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On football

Patriots have work to do at NFL owners meetings

Robert Kraft

Mark J. Rebilas/USA TODAY/File

Robert Kraft

ORLANDO — Patriots owner Robert Kraft looked like a man enjoying a nice vacation on Sunday, casually strolling through the lobby of the Ritz-Carlton resort with a popped collar and sunglasses.

While Kraft and his fellow NFL owners are certainly catching a few rays and enjoying the balmy weather this week, there’s also plenty of work to be done.

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The NFL owners will vote on 14 proposed rule changes during their three days of meetings, which wrap up Wednesday morning. They also will discuss other league issues, such as expanding the playoff field from 12 to 14 teams, although playoff changes likely wouldn’t come until the 2015 season at the earliest.

The league’s general managers and head coaches also are at the event, and will be involved in meetings with the competition committee and other leaguewide initiatives. The Patriots’ contingent will be Kraft, Bill Belichick, and director of player personnel Nick Caserio, who also may speak with the handful of agents who attend the meetings to shop their unsigned clients.

Kraft and Belichick are both likely to address the media this week, with several big topics to cover. Vince Wilfork’s contract situation is still hovering over the organization like a black cloud — the Patriots would like to bring him back at a lower rate than his current $7.5 million base salary and $11.6 million cap hit, while Wilfork so far has refused to take any sort of pay cut and has asked the team to release him.

Kraft and Belichick also will be asked for the first time about the acquisitions of Darrelle Revis, Brandon Browner, and Brandon LaFell, the re-signing of Julian Edelman, and any other plans the Patriots may have for this offseason.

Around the league, the Jets and Eagles seem to be creating the most buzz so far — the Jets with their signing of Michael Vick Friday, and the Eagles with their willingness to trade or perhaps even release star receiver DeSean Jackson, who, according to reports, won’t be back in Philadelphia next season.

Among the rules changes that are being proposed and voted upon this week:

 Having the on-field referee consult with a member of the league’s officiating department — most likely director of officiating Dean Blandino — during instant replay.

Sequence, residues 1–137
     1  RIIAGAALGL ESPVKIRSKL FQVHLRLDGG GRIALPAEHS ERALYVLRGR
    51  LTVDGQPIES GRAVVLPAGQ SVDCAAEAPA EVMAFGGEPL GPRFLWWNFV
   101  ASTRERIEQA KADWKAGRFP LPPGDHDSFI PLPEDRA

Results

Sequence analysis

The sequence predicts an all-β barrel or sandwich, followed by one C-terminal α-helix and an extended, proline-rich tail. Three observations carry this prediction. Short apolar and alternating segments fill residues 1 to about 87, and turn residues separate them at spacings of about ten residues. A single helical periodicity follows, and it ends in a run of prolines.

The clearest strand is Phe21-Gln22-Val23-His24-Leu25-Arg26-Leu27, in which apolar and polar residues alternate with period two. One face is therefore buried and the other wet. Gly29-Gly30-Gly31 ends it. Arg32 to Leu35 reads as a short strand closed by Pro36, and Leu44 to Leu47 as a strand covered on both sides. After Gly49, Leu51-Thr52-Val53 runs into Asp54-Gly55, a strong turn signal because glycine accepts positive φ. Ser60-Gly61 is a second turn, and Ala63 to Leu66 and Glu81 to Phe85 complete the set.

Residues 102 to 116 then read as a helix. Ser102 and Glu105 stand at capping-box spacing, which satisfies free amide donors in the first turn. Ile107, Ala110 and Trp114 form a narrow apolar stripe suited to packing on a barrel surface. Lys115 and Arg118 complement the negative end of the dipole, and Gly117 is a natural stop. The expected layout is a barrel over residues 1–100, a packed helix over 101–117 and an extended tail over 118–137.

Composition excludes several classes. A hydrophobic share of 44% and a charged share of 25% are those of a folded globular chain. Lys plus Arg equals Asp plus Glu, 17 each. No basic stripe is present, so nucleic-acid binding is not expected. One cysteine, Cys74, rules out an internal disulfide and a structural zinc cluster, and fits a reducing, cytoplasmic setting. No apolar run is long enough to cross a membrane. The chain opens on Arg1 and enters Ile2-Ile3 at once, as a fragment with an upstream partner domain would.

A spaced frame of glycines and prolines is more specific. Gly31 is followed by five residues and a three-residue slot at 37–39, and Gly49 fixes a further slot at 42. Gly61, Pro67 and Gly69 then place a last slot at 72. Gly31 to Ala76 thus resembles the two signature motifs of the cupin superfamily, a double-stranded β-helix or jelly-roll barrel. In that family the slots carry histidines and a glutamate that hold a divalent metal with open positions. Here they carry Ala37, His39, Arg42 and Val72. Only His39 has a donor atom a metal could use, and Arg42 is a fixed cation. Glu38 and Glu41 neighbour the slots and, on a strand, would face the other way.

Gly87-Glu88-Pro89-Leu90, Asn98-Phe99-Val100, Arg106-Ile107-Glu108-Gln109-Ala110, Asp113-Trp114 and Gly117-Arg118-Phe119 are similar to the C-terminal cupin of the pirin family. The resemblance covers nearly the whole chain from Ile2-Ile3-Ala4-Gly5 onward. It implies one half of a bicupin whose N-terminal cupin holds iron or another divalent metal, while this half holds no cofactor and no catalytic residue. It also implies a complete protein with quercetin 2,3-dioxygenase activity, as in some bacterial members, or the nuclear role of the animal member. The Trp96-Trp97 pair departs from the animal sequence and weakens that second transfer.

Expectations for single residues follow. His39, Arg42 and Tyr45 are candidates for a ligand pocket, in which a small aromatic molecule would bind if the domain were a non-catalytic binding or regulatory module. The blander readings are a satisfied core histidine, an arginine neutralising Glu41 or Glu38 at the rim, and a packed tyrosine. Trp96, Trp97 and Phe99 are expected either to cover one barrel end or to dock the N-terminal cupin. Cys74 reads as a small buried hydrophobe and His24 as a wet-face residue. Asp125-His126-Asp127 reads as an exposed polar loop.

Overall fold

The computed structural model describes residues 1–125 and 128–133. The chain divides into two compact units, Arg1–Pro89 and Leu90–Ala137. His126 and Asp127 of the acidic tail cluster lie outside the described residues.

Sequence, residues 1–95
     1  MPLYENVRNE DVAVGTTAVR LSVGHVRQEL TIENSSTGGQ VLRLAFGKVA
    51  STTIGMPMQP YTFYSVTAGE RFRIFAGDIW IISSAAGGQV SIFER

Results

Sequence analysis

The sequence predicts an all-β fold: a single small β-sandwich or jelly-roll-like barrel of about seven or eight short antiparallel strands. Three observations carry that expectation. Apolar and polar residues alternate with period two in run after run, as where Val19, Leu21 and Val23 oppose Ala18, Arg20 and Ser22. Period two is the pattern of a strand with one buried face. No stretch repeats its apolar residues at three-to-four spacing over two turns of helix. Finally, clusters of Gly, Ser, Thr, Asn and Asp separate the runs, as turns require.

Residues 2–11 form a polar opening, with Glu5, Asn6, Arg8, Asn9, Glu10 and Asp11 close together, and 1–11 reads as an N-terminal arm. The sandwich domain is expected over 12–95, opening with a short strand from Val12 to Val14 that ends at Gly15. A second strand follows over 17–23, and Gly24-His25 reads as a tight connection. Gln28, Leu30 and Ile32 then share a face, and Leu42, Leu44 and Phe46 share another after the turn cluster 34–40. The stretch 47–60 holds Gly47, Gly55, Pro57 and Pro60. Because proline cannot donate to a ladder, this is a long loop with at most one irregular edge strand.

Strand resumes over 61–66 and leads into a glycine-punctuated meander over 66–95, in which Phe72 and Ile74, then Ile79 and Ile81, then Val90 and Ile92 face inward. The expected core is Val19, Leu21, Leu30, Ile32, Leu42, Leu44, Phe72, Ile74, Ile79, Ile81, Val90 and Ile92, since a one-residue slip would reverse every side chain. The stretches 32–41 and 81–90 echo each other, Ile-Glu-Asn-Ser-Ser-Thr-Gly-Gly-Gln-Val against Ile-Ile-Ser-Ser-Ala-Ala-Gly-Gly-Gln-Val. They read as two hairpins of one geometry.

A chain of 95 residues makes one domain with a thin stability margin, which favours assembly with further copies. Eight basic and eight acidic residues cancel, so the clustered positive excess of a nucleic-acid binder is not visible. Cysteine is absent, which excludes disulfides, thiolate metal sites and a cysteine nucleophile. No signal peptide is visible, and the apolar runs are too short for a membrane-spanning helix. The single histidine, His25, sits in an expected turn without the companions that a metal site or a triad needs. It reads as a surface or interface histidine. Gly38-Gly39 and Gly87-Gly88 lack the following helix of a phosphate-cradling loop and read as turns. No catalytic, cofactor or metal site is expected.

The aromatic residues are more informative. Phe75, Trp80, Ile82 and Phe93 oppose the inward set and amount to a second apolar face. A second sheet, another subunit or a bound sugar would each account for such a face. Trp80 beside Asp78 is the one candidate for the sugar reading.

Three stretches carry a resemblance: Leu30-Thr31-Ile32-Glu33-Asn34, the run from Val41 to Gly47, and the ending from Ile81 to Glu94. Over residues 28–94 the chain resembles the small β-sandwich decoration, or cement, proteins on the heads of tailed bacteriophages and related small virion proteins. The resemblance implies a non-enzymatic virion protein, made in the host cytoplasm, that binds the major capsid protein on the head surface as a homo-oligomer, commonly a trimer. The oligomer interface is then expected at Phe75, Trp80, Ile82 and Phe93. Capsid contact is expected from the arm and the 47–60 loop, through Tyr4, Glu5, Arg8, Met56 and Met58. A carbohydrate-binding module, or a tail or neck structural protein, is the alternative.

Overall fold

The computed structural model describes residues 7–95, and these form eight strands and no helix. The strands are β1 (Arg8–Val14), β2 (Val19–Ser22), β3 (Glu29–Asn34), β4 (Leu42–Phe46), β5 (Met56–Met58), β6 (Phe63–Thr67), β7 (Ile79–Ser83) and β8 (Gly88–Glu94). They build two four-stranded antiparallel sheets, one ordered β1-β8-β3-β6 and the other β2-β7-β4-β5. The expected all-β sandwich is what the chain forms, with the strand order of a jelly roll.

Moving the line of scrimmage on extra points back to the 25-yard line to make it a more competitive play. This change is being proposed by the Patriots.

 Extending the uprights 5 feet higher to help officials make a definitive judgment on field goal attempts. This change also is being proposed by the Patriots.

 Allowing coaches to challenge any officials’ decisions except for scoring plays and turnovers (which already are automatically reviewed), and eliminating the red challenge flag. In this proposal — also made by the Patriots — a team would call time to challenge a play, and if the challenge is successful, the team would have its timeout restored.

 Expanding game-day rosters to 49 active players on games that are played on any day other than Sunday or Monday, for player safety reasons.

 Expanding the practice squad from eight to 10 players.

 Allowing teams to execute trades before the start of the new league year.

 Allowing more than one player per team to return to the active roster from injured reserve during the season.

 Eliminating the preseason roster cutdown from 90 to 75 players, and having only one cutdown from 90 to 53.

 Adding personal fouls to the list of plays that can be reviewed by instant replay.

 Moving the kickoff line to the 40 for player safety and historical consistency reasons.

 Eliminating overtime in preseason games for player safety reasons.

 Putting fixed cameras on all of the boundary lines to ensure total coverage for instant replay regardless of where the TV network cameras are located — another change being proposed by the Patriots.

 Expanding the definition of clipping to include the side and back of the leg — an offensive player would not be allowed to roll up on the back or sides of the leg of a defensive player.

 Allowing instant replay review of certain dead-ball plays, such as the clear recovery of a fumble after the whistle has blown.

 Keeping the clock running after a sack outside of two minutes, instead of stopping the clock.

Ben Volin can be reached at ben.volin@globe.com. Follow him on Twitter @BenVolin.
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